Hepatitis C Virus (HCV) Direct-Acting Antiviral Therapy in Persons With Human Immunodeficiency Virus–HCV Genotype 1 Coinfection Resulting in High Rate of Sustained Virologic Response and Variable in Normalization of Soluble Markers of Immune Activation

The Journal of Infectious Diseases, October 2020

Coinfection with hepatitis C virus (HCV) is common among people living with HIV. Prior to the advent of HCV direct acting antivirals (DAAs), coinfection was a major cause of liver-related morbidity and mortality, including cirrhosis, liver failure and hepatocellular carcinoma. Fortunately, DAAs lead to sustained virologic response (SVR), or cure, in most patients and has been linked to decreased mortality and cancer. HCV infection is also associated with other non-hepatic conditions including cardiovascular disease, Parkinson’s disease, and type 2 diabetes mellitus. While the causal relationship between HCV infection and these conditions is not fully established, it may be partly explained by HCV-induced systemic inflammation, which has been associated with immune dysfunction, morbidity, and mortality.

In order to better understand the role of inflammation, study A5329 evaluated the safety, tolerability, and efficacy of HCV treatment with paritaprevir/ritonavir/ombitasvir plus dasabuvir (PrOD) with or without ribavirin (RBV) in virally suppressed people living with HIV HCV genotype-1 coinfection. Researchers examined changes in plasma inflammatory markers, including soluble CD14 (sCD14), Interferon Induced Protein 10 (IP10), soluble CD163 (sCD163), Interleukin-6 (IL-6), Interleukin 18 (IL-18), Monocyte Chemoattractant Protein 1 (MCP1), Autotaxin (ATX), and Macrophage-2-Binding-Protein (Mac2BP), over the course of treatment.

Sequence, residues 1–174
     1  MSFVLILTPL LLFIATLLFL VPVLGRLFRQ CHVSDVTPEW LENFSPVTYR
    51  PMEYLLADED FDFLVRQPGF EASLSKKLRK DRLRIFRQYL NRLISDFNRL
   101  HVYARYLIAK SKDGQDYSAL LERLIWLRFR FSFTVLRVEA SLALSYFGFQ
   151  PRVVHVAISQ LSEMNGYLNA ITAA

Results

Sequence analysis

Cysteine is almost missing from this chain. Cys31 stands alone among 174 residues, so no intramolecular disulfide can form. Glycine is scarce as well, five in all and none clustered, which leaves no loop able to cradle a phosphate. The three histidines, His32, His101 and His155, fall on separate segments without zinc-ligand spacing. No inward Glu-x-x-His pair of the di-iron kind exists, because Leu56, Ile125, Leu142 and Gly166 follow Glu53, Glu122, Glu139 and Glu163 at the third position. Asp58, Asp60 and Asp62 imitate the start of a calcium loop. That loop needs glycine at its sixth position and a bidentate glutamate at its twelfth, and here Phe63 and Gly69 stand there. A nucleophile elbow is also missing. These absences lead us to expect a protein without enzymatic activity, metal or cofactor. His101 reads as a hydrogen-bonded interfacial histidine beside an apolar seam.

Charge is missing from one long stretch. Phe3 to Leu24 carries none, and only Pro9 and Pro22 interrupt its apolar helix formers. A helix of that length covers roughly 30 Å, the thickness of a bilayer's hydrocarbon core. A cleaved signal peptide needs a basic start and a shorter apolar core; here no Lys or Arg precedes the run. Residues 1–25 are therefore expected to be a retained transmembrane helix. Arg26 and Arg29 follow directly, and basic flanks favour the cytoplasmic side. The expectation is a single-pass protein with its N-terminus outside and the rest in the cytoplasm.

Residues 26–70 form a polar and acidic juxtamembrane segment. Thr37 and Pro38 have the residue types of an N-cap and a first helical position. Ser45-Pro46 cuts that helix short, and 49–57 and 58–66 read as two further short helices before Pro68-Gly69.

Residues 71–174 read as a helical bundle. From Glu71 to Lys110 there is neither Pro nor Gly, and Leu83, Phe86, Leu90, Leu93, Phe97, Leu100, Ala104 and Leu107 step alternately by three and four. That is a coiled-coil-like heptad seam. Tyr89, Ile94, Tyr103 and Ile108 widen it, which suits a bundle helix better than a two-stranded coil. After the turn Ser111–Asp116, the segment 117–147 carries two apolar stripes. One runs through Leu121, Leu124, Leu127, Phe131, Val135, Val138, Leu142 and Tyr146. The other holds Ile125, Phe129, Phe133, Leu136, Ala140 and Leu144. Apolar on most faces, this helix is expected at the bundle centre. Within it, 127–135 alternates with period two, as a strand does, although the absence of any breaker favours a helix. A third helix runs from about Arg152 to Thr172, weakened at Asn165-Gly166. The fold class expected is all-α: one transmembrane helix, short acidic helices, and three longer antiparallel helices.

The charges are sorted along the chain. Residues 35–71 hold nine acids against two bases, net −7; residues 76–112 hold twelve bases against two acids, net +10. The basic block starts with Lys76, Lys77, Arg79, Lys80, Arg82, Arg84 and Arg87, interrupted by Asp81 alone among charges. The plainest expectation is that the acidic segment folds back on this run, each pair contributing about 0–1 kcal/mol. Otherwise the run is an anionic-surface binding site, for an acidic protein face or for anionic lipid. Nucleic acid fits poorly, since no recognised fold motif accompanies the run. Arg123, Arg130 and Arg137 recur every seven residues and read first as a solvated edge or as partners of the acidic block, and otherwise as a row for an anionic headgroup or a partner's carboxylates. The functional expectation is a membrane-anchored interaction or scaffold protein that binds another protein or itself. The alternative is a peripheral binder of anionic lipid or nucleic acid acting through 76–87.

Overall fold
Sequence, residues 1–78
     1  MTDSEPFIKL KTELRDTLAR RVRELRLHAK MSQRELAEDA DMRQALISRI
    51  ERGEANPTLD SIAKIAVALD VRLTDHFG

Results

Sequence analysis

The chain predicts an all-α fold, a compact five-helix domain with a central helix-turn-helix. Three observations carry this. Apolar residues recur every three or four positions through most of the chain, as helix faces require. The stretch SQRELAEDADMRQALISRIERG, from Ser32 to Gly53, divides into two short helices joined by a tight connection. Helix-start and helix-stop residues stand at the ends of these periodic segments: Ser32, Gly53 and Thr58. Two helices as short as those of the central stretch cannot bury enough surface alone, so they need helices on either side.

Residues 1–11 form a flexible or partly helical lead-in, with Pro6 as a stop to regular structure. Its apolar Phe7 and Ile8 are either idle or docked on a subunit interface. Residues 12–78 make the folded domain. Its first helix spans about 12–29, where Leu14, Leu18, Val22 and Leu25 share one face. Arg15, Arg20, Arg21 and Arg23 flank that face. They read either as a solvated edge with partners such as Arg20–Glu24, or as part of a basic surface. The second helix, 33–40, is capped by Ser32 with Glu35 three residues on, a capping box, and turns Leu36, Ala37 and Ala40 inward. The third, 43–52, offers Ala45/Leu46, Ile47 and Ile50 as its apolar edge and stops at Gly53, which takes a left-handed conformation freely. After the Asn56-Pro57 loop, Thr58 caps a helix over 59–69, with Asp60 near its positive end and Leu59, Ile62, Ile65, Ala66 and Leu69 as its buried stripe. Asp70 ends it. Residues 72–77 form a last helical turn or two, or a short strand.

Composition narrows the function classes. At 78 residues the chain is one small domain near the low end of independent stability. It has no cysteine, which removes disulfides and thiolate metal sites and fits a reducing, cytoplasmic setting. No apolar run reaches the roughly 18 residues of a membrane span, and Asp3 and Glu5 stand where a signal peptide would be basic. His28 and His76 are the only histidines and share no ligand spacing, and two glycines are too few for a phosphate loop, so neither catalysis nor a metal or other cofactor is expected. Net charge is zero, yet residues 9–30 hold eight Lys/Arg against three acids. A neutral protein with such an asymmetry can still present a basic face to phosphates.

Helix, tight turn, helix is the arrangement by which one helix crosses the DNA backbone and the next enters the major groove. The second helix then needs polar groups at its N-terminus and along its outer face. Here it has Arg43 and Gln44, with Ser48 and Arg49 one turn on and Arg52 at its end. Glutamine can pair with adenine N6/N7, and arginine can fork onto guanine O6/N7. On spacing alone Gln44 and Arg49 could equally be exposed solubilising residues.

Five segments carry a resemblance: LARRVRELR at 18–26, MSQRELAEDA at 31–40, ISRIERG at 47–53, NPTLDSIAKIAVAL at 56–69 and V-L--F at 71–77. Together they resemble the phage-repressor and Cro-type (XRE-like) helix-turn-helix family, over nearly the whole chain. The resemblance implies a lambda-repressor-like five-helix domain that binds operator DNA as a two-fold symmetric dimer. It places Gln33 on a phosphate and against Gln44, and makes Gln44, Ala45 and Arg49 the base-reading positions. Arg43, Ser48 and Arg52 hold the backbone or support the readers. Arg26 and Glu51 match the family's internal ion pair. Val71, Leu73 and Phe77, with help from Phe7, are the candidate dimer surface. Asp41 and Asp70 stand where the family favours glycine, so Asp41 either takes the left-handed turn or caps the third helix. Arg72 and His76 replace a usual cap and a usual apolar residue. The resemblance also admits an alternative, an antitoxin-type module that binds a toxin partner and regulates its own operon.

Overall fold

SVR rate was 93%. At baseline, cirrhosis was associated with higher ATX and MCP1, women had higher ATX and IL-6, older age was associated with higher Mac2BP, higher BMI was associated with higher ATX, and HIV-1 protease inhibitor use was associated with higher sCD14. Among those who experienced SVR, IP-10, ATX, and Mac2BP declined by week two, IL-18 declined by the end of treatment, sCD14 did not change, and sCD163, MCP1, and IL-6 levels only changed at a single time point.

These findings indicate that markers of immune activation in HIV hepatitis C coinfection are likely partly attributable to age, sex, cirrhosis, BMI, and/or kind of antiretroviral therapy. Paritaprevir/ritonavir-ombitasvir-dasabuvir is a highly effective regimen that is associated with variable declines in immune activation markers.

Editor’s Clinical Impact Statement: This study confirms the importance of treating hepatitis C to lower inflammation in the body.

Anthony, D. D., Sulkowski, M. S., Smeaton, L. M., Damjanovska, S., Shive, C. L., Kowal, C. M., Cohen, D. E., Bhattacharya, D., Alston-Smith, B. L., Balagopal, A., & Wyles, D. L. (2020). Hepatitis C Virus (HCV) Direct-Acting Antiviral Therapy in Persons With Human Immunodeficiency Virus-HCV Genotype 1 Coinfection Resulting in High Rate of Sustained Virologic Response and Variable in Normalization of Soluble Markers of Immune Activation. The Journal of Infectious Diseases222(8), 1334–1344. https://doi.org/10.1093/infdis/jiaa254